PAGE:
MP3 as a file format is probably legal, or at least tolerated, when used to encode music from your own CDs if you keep that music to yourself. It is illegal to encode MP3s and trade, sell or otherwise make them available to others unless you have the permission of the musics copyright holder. In other words, if a record company or band makes MP3 files available for download, they are yours for the taking (but not to give or sell to others). However, converting your new CD to MP3 and then offering that as a way for people to get the music without buying the actual CD is illegal.
There is a great deal of debate and discussion on these matters, some of it frequently on our own front page: »RIAA Says You Canít Copy Music To Your Computer
One member offers this commentary:
MP3 format is not legal without a license. It is a patent encumbered format which requires royalties to be payed [sic] both to create and listen to the format. People that use "Lame" to encode mp3 may have infringed on patents. If you have used a software which encodes or decodes mp3 files, and that software does not have the necessary license(s) from Thomson (»www.mp3licensing.com/) you [may] have committed a patent crime. A license is required to create, play, and one for hardware + one for software. If you only use iTunes, you're in the clear. If you're using EAC to rip/encode to mp3 with LAME, then playback with foobar, you [may have] broken the law as those 3 companies do not have a license to create nor play mp3 files. Which is why LAME is only distributed as source tar balls for the main site. Much in the way as the Xvid codec.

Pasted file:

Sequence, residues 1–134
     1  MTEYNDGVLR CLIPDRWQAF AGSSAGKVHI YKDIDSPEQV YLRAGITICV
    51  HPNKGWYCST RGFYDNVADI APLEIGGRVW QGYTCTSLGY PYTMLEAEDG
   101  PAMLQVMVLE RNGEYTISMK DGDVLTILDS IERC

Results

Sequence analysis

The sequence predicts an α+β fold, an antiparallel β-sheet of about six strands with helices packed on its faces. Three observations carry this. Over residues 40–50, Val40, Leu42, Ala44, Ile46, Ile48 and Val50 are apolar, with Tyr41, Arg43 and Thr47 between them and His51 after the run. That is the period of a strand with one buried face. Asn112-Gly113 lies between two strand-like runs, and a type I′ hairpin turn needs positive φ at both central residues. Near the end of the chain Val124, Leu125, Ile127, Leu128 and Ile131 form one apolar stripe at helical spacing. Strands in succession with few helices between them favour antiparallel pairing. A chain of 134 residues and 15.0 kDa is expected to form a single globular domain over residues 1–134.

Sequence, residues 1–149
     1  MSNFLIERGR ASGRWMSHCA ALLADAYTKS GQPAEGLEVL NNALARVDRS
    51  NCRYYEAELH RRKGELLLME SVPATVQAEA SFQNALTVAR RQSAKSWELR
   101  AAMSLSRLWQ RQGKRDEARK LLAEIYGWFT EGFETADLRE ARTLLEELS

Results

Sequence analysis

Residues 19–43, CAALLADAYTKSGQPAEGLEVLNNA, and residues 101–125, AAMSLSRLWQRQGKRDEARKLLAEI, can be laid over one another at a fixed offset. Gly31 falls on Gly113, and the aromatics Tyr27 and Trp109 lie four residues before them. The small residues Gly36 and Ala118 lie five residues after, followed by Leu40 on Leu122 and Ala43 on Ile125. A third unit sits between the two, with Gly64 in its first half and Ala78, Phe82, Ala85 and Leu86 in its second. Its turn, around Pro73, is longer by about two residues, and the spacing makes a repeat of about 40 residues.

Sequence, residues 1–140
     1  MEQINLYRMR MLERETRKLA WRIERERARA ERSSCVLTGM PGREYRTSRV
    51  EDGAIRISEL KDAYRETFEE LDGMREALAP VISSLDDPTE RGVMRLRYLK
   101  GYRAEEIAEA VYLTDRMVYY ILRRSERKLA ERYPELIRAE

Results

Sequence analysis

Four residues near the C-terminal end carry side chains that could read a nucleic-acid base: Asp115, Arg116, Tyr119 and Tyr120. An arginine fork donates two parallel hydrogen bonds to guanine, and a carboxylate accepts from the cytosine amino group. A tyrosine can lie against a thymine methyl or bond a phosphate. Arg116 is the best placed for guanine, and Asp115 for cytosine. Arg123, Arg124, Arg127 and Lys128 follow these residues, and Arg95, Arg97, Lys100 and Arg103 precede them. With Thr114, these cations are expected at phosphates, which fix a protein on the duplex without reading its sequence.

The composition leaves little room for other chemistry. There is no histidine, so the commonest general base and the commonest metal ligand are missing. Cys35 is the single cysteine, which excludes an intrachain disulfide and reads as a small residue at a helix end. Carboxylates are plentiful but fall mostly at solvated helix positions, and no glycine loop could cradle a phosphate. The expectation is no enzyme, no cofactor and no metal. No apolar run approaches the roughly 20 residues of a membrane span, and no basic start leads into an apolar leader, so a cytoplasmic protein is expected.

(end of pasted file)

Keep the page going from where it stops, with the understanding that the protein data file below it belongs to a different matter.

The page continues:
by snapcase$ edited by KeysCapt
last modified: 2008-01-07 07:08:43